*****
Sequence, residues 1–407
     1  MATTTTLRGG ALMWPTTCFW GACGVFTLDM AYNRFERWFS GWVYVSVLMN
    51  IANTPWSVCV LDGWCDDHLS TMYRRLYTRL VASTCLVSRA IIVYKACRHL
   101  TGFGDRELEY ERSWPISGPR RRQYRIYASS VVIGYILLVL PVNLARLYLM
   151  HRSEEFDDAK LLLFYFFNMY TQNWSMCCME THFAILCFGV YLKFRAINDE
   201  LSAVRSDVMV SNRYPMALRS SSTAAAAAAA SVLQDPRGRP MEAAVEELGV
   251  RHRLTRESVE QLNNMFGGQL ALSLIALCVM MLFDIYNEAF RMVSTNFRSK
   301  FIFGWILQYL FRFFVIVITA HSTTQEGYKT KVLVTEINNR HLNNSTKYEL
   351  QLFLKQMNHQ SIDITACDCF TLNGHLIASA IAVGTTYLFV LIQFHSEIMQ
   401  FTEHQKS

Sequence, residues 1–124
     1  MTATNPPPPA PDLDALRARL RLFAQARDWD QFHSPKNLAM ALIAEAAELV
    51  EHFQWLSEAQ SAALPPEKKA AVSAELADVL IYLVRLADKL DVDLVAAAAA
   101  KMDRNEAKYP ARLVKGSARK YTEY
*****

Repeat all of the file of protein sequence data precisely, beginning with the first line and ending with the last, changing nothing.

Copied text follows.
Sequence, residues 1–407
     1  MATTTTLRGG ALMWPTTCFW GACGVFTLDM AYNRFERWFS GWVYVSVLMN
    51  IANTPWSVCV LDGWCDDHLS TMYRRLYTRL VASTCLVSRA IIVYKACRHL
   101  TGFGDRELEY ERSWPISGPR RRQYRIYASS VVIGYILLVL PVNLARLYLM
   151  HRSEEFDDAK LLLFYFFNMY TQNWSMCCME THFAILCFGV YLKFRAINDE
   201  LSAVRSDVMV SNRYPMALRS SSTAAAAAAA SVLQDPRGRP MEAAVEELGV
   251  RHRLTRESVE QLNNMFGGQL ALSLIALCVM MLFDIYNEAF RMVSTNFRSK
   301  FIFGWILQYL FRFFVIVITA HSTTQEGYKT KVLVTEINNR HLNNSTKYEL
   351  QLFLKQMNHQ SIDITACDCF TLNGHLIASA IAVGTTYLFV LIQFHSEIMQ
   401  FTEHQKS

Sequence, residues 1–124
     1  MTATNPPPPA PDLDALRARL RLFAQARDWD QFHSPKNLAM ALIAEAAELV
    51  EHFQWLSEAQ SAALPPEKKA AVSAELADVL IYLVRLADKL DVDLVAAAAA
   101  KMDRNEAKYP ARLVKGSARK YTEY